At Arts1 we have a culture of fantastic singing, we teach people from scratch how to pitch, sing in harmony and make the most incredible sounds.  Don't be frightened of singing, come and learn how to do it!  Here are a few words from friend of the school Liz Hetherington recently Head of Voice and Singing at Bird College - one of the UK's leading dance training institutions.

A few years ago we were doing a production of ‘Hello Dolly’ at Bird College. When you looked in the front of the score it was like visiting another world. It called for a cast of – besides the principal parts – it called for 8 male dancers 8 female dancers but then it asked for 8 male singers and 8 female singers. Those were the days hey?  You could be a dancer or a singer or an actor and almost never the twain would meet.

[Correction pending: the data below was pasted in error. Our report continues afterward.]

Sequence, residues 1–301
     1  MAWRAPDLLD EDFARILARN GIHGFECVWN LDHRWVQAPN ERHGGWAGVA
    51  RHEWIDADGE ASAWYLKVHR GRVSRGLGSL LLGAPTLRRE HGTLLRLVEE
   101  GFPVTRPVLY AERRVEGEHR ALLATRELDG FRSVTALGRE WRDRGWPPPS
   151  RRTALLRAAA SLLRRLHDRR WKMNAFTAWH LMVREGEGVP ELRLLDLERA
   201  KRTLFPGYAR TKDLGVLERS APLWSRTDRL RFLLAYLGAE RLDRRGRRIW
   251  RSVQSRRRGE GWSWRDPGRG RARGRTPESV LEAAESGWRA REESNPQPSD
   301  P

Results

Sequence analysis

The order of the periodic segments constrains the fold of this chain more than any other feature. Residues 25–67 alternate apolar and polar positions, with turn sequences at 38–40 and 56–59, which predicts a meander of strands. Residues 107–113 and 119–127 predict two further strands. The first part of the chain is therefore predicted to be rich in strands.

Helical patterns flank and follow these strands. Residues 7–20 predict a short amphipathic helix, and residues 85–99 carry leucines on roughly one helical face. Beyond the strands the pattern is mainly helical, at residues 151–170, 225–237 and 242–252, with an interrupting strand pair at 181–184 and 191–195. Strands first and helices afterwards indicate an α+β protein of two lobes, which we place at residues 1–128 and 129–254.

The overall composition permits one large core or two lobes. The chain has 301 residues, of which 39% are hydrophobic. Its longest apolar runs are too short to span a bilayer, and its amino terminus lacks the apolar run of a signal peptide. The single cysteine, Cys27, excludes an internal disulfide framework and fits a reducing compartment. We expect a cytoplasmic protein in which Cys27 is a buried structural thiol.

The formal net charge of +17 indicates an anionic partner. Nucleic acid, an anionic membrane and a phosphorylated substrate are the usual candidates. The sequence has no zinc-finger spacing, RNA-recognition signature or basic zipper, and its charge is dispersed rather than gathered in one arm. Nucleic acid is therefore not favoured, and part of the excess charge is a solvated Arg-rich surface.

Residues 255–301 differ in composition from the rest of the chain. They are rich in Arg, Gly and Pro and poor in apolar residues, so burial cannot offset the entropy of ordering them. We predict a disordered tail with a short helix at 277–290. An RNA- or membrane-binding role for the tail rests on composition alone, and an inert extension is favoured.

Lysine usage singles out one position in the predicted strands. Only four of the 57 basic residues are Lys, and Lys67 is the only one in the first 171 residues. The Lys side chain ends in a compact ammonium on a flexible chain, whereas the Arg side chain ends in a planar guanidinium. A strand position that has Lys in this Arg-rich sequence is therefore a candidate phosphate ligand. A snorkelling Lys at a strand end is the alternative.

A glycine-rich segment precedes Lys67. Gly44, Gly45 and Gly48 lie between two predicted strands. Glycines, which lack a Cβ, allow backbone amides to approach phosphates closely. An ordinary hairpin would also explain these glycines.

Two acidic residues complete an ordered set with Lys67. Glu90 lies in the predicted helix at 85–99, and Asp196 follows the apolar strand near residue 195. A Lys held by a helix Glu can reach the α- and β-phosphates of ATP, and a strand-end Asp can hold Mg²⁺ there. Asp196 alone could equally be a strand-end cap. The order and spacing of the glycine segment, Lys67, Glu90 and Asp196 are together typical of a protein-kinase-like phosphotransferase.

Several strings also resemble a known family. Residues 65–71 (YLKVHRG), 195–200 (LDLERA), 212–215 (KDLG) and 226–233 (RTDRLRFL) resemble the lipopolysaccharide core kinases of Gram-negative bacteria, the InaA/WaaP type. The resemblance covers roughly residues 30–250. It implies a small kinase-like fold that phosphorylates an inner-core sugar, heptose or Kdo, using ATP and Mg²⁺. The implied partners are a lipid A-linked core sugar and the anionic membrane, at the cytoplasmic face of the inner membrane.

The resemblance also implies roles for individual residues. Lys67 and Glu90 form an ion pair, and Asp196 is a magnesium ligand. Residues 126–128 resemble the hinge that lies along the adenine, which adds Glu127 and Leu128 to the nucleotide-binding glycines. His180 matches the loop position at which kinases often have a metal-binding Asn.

Today things have completely changed. There is no longer the money available to be able to separate out dancers from singers from actors. And hurrah for that say I. Obviously most people are better at one or two disciplines more than another but why should the dancers only dance, the singers only sing. Much better and more believable that they do both. (I have never understand the separating out of acting from everything else. What on earth do they think singers and dancers do?)

That is perhaps the most obvious reason as to why dancers need to be able to sing and singers conversely need to be able to dance – the industry demands it. But there are lots of other beneficial reasons.

I was trained and worked as an opera singer. In my day managements were delighted if you walked on without falling over but even in the ‘refined’ world of opera things are slowly changing.